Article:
Day Use

No permits required for day use. Prior to riding from the South Rim, check in with the Backcountry Information Center and Xanterra Livery Management. On the North Rim, check in with the Backcountry Information Center and Canyon Trail Rides.

Overnight Use

Backcountry permits: Overnight use on the North Rim or at Inner Canyon campsites requires a permit from the Grand Canyon Permits Office. Enter the lottery for backcountry permits by the first of the month, four months prior to the start date. Inner Canyon Permit Cost: $10 per permit plus $15 for each person and $15 for each equine per night.

North Rim Horse Camp: (May 15 to November 1; water may be shut off earlier, weather depending) One site; 0.25 miles (0.4 km) north of the North Kaibab Trailhead; pit toilet, picnic table, campfire ring, potable water, and small corral. One person must camp with stock. Maximum six equines, six people, and two vehicles; maximum trailer length 30 feet (9 m). North Rim Horse Camp Permit Cost: $10 per permit plus $4 for each person and $4 for each equine per night.

Tuweep Campground: No camping; no trailers.

Inner Canyon: Bright Angel Campground, near Phantom Ranch, and Cottonwood Campground, along the North Kaibab Trail, each accept one equine group per night. Phantom Ranch guests must have one person camp with the animals; hitching rail provided, no corral available; permit required.

South Rim Horse Camp: Two sites at Mather Campground include picnic tables, campfire rings, water, two corrals with water troughs, and feeders. Restrooms nearby. No electricity. Per site maximum of six equines, six people, and two vehicles; maximum trailer length 30 feet (9 m). South Rim Horse Camp Permit Cost: $25 per site per night. Sites may be reserved on by searching for "HA" site in the toolbar.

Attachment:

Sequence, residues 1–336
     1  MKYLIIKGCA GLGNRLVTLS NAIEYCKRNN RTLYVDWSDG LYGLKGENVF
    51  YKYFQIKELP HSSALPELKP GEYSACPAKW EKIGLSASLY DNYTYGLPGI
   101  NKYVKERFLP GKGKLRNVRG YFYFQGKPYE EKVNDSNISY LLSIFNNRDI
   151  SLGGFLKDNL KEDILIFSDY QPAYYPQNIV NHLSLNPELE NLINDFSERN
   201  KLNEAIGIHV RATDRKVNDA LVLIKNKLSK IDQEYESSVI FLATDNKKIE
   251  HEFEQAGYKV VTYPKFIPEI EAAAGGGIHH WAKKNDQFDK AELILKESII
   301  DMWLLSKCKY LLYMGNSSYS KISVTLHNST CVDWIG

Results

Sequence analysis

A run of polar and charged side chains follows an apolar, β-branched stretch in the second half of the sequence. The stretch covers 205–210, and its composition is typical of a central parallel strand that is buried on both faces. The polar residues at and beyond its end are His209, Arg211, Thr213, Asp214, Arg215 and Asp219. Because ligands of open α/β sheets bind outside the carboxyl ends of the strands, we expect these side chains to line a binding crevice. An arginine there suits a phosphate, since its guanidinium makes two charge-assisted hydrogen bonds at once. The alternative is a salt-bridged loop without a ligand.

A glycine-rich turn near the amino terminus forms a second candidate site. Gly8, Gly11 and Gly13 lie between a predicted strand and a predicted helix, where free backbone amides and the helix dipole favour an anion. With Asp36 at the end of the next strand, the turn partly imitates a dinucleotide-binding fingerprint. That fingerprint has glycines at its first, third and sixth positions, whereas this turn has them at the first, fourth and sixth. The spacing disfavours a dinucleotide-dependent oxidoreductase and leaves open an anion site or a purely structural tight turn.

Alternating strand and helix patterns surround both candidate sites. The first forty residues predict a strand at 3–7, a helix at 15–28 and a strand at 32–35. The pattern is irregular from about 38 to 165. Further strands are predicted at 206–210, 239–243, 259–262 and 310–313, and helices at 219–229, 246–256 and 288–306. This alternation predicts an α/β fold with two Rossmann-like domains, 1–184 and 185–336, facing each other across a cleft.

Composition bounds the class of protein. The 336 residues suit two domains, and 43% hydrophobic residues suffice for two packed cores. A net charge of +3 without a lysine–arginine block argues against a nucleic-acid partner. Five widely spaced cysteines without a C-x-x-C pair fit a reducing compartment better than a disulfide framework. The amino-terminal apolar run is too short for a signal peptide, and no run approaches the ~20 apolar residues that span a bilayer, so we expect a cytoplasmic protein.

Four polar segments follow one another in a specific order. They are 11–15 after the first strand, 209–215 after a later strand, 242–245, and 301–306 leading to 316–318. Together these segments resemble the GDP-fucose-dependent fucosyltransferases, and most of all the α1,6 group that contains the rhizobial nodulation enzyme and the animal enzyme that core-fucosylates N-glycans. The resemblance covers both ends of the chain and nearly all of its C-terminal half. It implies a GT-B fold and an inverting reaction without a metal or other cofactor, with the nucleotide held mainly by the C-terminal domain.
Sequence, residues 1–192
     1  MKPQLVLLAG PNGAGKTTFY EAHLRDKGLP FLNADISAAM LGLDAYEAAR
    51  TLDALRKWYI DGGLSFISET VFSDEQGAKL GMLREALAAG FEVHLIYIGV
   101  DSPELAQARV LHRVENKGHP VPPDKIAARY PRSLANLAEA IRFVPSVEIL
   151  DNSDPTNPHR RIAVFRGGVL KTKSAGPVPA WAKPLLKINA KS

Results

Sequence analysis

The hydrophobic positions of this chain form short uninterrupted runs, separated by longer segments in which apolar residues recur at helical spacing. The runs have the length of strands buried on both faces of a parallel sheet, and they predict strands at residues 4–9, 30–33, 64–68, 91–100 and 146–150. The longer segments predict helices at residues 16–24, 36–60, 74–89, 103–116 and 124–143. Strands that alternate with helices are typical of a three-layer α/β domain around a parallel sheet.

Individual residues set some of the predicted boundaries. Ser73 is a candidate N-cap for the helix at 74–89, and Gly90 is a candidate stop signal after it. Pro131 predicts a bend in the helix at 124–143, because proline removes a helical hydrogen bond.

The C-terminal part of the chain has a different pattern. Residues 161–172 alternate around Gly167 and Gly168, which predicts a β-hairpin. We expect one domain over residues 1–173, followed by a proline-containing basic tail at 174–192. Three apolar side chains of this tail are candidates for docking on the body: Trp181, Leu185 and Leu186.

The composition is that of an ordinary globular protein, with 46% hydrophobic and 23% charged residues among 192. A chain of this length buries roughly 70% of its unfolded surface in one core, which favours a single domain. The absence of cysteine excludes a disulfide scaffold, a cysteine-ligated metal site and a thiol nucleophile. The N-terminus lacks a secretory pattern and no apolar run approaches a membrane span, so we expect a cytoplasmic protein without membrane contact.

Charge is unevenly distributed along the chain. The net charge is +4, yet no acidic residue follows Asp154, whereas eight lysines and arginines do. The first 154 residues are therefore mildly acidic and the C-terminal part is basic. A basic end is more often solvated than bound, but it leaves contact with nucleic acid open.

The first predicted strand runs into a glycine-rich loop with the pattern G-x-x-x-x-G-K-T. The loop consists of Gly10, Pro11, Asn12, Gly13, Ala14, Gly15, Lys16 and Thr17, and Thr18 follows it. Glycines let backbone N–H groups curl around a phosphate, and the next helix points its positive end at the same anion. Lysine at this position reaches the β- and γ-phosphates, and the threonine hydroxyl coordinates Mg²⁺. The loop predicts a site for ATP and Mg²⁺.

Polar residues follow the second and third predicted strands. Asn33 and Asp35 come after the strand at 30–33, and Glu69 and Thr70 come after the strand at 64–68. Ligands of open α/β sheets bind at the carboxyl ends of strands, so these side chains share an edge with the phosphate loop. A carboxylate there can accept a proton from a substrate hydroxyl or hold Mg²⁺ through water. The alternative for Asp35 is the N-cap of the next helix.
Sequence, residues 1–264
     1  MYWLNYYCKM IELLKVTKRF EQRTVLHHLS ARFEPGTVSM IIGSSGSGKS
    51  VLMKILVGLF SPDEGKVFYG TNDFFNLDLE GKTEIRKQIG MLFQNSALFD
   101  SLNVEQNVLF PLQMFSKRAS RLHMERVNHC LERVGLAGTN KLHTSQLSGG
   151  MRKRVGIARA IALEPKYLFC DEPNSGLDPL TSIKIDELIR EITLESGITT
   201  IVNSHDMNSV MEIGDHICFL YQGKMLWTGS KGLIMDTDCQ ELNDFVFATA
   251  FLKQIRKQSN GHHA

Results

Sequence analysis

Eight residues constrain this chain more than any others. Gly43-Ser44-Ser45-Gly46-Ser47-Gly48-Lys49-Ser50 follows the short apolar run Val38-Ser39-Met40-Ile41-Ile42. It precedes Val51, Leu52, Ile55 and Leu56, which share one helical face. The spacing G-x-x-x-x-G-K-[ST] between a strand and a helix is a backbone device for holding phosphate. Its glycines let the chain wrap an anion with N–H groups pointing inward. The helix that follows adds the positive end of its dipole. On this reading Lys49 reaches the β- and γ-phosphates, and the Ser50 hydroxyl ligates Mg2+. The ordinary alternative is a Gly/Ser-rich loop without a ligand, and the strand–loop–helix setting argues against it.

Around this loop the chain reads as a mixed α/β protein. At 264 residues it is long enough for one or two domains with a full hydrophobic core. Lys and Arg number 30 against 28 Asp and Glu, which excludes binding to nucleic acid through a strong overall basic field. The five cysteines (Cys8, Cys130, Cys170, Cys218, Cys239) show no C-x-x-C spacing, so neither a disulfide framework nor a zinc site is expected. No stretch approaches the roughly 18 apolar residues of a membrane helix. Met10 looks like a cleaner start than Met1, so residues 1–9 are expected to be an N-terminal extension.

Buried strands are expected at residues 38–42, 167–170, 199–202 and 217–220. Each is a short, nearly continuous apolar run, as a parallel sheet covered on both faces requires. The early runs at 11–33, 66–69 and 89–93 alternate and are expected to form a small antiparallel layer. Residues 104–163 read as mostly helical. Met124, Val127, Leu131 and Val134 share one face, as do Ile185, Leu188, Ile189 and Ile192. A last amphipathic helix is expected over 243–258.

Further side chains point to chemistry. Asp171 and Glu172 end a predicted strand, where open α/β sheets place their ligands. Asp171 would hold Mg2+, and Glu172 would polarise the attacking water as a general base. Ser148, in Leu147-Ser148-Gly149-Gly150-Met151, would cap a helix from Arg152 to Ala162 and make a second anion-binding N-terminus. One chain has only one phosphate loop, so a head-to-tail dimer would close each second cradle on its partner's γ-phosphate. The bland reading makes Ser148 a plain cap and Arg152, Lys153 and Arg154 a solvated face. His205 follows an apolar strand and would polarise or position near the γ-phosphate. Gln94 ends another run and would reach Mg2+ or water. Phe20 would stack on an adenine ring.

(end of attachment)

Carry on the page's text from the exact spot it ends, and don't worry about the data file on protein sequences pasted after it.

Feed and Water

Feed: Clean trailers, hooves, coat, mane, and tails prior to entering the park. Feed stock weed-free forage or processed feed a few days before the trip. To prevent introducing non-native plants in the park, use only certified weed-free forage— hay, straw, and mulch. Proof of certification tags required. Forage may not be taken beyond trailheads. Use pelletized feed, hay cubes, and grain products in the backcountry. Do not leave feed on the ground; use a feedbag or tarp. Pack out unused feed. Grazing not permitted.

Storage: Feed should be stored in rodent-proof containers. At camp, use a long rope to hang feed from pack poles.

Water: Available at Havasupai Gardens day-use area and Bright Angel and Cottonwood campgrounds. Animals may be watered directly from natural water sources where streams cross maintained trails. Equines cannot linger in stream crossings; use collapsible canvas buckets to transport water.


Grand Canyon Backcountry Information and Permits Office
National Park Service
1824 S. Thompson St., Suite 201
Flagstaff, Arizona, 86001

Tel: 928-638-7875, 1–5 pm MST, Monday–Friday
Fax: 928-638-2125
Email: permits office

South Rim:
Xanterra South Rim, LLC
Livery Barn
Tel: 928-638-2526, ext. 6095

North Rim:
Canyon Trail Rides 928-638-9875


Mule operations and stock use planning documents can be found at

Standing on the edge of a vast canyon landscape of buttes and cliffs, a guide and three riders are standing next to their respective horses.
A guided horseback party pauses at an overlook along Hermit Road, on the way to Dripping Springs. Circa 1953. Photo by Santa Fe Railroad.

Last updated: May 28, 2024

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Mailing Address:

PO Box 129
Grand Canyon, AZ 86023